2. One thing the seeds file will not populate is the actual content for each lesson. This needs to be retrieved from the curriculum repository on github (which is at by running the rake task ($ rake curriculum:update_content). But there's a catch... Github only allows you something like 50 API calls per hour if you haven't registered for an API key with them and used it to authenticate your requests. As of this writing, there are over 90 lessons so you would be rate limited before even finishing populating them with the rake task if you don't get an API key yourself. So go get an API key from github (at and use Figaro (as described below) to pass that key to the application so you can happily download all the curriculum files into your build.

  3. The DISQUS forums and Github API calls rely on private environment variables (to store their API secret keys) that you won't find in the repo. I upload them directly to the server myself using the figaro gem and a corresponding file called application.yml that's located in my config/ directory but not checked into git (no, you can't have my passwords). Check out the Figaro Documentation for a very easy-to-understand explanation of how the gem works. You basically just need to run $ rails generate figaro:install and populate the missing variables to application.yml. An example, as of this writing:

     # config/application.yml --these are two steps.  first two steps are created on initial registration at [].  Second two are given when you request access to SSO for your application via a form at []
     DISQUS_ACCOUNT_NAME: generated_on_intial_signup
     DISQUS_WEBSITE_NAME: generated_on_initial_application_registration
     DISQUS_API_SECRET_KEY: generated_after_SSO_permission_granted
     DISQUS_API_PUBLIC_KEY: generated_after_SSO_permission_granted
     # config/application.yml --acquire this on your github account, through settings/application/register new application.This is to make OAUTH (signin with github) function correctly.
     GITHUB_API_TOKEN: your_token_would_go_here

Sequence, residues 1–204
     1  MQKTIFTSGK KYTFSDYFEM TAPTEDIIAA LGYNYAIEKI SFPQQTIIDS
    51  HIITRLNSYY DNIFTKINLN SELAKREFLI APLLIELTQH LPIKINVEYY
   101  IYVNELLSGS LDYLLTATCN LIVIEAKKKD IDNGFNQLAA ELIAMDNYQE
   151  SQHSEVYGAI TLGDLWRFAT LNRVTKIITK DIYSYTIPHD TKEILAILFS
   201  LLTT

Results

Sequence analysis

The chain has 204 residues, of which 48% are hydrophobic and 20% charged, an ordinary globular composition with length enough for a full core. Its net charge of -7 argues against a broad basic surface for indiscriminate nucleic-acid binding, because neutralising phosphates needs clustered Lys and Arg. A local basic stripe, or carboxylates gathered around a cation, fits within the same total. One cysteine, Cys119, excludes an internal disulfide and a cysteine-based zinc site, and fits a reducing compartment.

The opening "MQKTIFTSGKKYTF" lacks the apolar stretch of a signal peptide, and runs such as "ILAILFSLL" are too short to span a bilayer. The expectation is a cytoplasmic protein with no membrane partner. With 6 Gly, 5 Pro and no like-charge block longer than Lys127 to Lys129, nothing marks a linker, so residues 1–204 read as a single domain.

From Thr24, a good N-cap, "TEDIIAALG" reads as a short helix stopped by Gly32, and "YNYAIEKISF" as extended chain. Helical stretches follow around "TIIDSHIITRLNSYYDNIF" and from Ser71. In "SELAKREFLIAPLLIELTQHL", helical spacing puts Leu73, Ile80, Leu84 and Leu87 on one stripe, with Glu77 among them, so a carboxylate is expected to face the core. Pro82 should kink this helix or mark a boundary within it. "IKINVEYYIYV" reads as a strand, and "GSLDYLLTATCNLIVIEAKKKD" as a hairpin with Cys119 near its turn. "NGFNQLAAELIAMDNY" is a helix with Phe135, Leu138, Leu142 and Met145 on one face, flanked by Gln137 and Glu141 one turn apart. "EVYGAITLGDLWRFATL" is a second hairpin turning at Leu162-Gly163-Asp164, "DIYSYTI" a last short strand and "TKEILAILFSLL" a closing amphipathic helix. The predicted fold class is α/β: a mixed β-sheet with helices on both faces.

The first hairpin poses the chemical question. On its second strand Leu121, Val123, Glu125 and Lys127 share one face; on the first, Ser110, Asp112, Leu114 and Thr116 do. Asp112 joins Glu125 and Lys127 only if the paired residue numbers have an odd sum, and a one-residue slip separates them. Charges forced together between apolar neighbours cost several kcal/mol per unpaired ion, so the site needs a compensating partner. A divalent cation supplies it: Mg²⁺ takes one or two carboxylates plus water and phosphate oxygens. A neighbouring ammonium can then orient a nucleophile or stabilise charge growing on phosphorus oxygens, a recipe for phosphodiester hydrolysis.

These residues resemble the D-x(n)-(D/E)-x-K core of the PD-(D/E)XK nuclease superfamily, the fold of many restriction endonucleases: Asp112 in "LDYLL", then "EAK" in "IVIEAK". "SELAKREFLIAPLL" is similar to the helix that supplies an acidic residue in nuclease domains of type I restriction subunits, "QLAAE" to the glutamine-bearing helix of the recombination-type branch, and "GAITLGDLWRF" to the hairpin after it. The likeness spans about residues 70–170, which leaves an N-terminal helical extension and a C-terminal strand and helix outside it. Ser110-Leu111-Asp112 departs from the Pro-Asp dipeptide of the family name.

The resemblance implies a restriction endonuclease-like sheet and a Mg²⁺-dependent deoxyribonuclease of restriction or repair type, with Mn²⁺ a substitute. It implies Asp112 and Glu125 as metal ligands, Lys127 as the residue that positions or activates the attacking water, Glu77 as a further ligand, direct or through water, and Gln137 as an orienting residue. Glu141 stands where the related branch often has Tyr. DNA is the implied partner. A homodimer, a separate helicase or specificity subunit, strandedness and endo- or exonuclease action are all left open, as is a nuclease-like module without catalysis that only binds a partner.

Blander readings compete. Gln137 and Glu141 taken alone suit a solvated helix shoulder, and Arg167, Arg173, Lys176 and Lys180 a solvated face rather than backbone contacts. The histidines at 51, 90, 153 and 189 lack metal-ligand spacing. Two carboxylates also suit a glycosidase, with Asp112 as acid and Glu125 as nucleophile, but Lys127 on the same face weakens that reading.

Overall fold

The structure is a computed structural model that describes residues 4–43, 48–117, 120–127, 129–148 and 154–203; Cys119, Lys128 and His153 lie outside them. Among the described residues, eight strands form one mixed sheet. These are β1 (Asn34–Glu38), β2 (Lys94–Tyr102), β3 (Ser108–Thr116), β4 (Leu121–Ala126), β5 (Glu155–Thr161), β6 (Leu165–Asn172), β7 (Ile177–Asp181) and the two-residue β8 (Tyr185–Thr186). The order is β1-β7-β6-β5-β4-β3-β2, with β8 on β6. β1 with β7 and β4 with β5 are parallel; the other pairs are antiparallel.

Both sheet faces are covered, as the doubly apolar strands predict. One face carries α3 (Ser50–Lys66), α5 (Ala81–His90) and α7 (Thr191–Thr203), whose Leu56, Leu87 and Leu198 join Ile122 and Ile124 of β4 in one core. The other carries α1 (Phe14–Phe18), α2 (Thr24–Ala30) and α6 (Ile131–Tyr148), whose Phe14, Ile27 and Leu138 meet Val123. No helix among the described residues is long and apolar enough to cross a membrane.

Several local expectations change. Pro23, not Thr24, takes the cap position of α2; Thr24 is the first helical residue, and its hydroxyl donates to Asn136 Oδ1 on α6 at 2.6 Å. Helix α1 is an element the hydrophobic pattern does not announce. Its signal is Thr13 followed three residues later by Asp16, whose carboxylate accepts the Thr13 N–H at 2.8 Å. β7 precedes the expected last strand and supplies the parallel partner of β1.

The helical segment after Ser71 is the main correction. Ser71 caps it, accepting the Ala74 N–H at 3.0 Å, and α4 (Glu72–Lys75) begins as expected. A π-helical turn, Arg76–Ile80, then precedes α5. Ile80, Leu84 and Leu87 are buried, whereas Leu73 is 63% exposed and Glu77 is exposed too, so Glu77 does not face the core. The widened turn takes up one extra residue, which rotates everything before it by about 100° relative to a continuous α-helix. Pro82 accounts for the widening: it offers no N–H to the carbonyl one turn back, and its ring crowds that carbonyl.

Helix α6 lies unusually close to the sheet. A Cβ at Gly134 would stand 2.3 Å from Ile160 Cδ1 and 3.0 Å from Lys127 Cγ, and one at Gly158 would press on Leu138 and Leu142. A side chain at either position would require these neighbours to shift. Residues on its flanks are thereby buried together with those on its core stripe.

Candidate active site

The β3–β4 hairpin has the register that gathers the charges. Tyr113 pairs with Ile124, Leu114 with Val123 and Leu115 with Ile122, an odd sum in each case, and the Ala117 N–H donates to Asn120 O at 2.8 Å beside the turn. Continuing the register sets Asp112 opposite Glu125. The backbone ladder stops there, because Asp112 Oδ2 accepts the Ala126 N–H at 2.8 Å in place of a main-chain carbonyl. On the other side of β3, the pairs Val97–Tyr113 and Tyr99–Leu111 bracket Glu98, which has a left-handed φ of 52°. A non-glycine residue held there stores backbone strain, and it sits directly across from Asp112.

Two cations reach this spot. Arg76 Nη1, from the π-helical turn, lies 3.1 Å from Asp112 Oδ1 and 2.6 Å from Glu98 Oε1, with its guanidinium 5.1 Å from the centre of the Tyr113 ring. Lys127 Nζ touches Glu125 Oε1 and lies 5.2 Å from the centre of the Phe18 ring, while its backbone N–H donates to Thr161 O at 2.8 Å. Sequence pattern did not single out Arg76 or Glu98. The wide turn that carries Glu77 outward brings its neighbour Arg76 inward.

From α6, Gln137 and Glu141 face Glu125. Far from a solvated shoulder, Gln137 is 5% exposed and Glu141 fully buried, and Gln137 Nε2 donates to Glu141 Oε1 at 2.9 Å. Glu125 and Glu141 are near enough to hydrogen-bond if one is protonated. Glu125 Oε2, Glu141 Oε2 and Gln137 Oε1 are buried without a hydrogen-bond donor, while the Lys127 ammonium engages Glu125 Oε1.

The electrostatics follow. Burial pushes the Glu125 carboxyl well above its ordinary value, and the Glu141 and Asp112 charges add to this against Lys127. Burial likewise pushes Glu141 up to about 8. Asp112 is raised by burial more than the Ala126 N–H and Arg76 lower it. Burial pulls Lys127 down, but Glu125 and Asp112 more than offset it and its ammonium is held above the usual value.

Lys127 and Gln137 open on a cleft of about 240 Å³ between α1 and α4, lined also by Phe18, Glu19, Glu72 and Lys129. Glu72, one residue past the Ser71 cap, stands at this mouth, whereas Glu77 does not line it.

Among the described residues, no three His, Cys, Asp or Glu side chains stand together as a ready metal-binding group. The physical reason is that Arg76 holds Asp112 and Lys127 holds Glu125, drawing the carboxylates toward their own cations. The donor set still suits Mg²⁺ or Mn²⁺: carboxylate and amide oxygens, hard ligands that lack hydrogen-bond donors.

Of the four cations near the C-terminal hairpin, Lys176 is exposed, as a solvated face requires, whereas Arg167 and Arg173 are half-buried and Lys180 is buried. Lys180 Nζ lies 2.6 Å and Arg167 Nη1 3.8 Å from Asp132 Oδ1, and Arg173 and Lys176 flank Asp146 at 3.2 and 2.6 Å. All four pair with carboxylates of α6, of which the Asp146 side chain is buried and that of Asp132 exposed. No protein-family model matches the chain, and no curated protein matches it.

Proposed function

GITHUB_API_ID: API_ID_Generated_with_registering_application
  4. Run a $ rails server and see if that lets you check out the app at http://localhost:3000.

  5. That... should... be... it...?

This is basically all you need to get yourself set up with the repo and you should be able to run a server with $ rails s or the tests with $ rspec spec. Of course, nothing ever goes according to plan when installing things but hopefully your "Googling the error message" skills are up to the task.

Installing Postgres on Linux

If you're running Linux, this should be helpful. If not... carry on, nothing to see here.

  1. Open your terminal and type ```sudo apt-get install postgresql

  2. After installing postgres, you might like to install pgAdmin III. It is a nice GUI to have, especially for beginners. To do this, in terminal type ```sudo apt-get install pgadmin3

  3. To start off, we need to change the PostgreSQL postgres user password; we will not be able to access the server otherwise. As the “postgres” Linux user, we will execute the psql command. In terminal, type ```sudo -u postgres psql postgres

  4. Set a password for the "postgres" database role using the command: ```\password postgres and give your password when prompted. The password text will be hidden from the console for security purposes. Type Control+D to exit the posgreSQL prompt.

  5. To create the first database, which we will call "odin", simply type:

6. For ""Postgresql 9.1""+ install the adminpack "extension":
```sudo -u postgres psql
```CREATE EXTENSION adminpack;

7. Open up pgAdmin III (app menu->development->pgAdmin III)

8. Open file->add server and populate the following as field:data

Name: localhost
Host: localhost
Port: 5432
Service: <leave blank>
Maintenance DB: postgres
Username: $USER
Password: <whatever>
Store Password: yes
and click "OK".

9. You should see a new server populated in the side panel of the pgadmin window.

10. Expand (+) the server and you will see the database you created with a red X next to it. Double click to connect the database.

11. You now have postgresql set up with a GUI frontend for management, if you so desire. It is much easier for a newcomer to user pgadmin III than to try and figure out all the terminal commands.

12. Edit your /config/database.yml with the correct database information you set up in the prior steps. It will then connect to the database you created and ```rake db:migrate will now properly function.

*Please let me know what I've missed here!*

## Now that you're up and running... [Come Help Out!](

## Significant Contributors

* [Erik Trautman](
* [Afshin Moktari](
* [Josh Gorchov](
* [Joe Sawyer](
* [Bill Walker](
* [Neil Gehani](

Created by [Erik Trautman](